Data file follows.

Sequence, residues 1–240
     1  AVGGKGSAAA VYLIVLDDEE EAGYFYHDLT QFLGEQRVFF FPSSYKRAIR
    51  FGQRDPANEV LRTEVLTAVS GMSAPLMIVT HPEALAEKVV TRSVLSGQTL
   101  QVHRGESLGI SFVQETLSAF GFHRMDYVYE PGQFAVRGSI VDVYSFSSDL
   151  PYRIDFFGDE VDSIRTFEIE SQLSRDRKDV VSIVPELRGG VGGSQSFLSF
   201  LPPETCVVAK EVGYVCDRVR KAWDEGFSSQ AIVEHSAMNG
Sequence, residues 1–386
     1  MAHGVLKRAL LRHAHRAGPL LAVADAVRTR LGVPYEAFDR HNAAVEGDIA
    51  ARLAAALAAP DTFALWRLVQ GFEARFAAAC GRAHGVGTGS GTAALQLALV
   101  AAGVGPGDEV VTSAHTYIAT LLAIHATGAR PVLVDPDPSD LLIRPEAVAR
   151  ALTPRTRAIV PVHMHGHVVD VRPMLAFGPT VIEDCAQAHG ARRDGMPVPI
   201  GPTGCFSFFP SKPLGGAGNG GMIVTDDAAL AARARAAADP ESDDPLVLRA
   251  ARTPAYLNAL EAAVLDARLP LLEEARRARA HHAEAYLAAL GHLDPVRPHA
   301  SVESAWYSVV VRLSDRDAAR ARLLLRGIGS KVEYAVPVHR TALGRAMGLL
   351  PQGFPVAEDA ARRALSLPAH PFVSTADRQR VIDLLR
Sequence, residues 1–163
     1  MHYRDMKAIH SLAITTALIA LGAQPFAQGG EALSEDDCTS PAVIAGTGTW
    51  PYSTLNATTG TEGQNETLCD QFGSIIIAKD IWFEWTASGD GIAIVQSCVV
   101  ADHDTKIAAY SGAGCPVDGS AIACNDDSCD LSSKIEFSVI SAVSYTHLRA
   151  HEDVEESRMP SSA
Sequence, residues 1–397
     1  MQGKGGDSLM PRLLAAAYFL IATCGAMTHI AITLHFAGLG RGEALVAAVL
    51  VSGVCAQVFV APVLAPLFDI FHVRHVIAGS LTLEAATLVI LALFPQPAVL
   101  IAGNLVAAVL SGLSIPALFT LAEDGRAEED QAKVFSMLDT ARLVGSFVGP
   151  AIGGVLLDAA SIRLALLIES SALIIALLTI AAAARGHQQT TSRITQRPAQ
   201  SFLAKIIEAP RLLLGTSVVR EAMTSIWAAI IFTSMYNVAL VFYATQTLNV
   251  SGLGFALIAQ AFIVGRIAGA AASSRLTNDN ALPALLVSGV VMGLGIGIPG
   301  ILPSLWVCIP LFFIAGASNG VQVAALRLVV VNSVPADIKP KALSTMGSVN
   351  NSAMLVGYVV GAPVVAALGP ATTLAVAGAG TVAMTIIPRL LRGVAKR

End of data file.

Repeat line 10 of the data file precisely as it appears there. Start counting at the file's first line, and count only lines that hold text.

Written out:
   101  AAGVGPGDEV VTSAHTYIAT LLAIHATGAR PVLVDPDPSD LLIRPEAVAR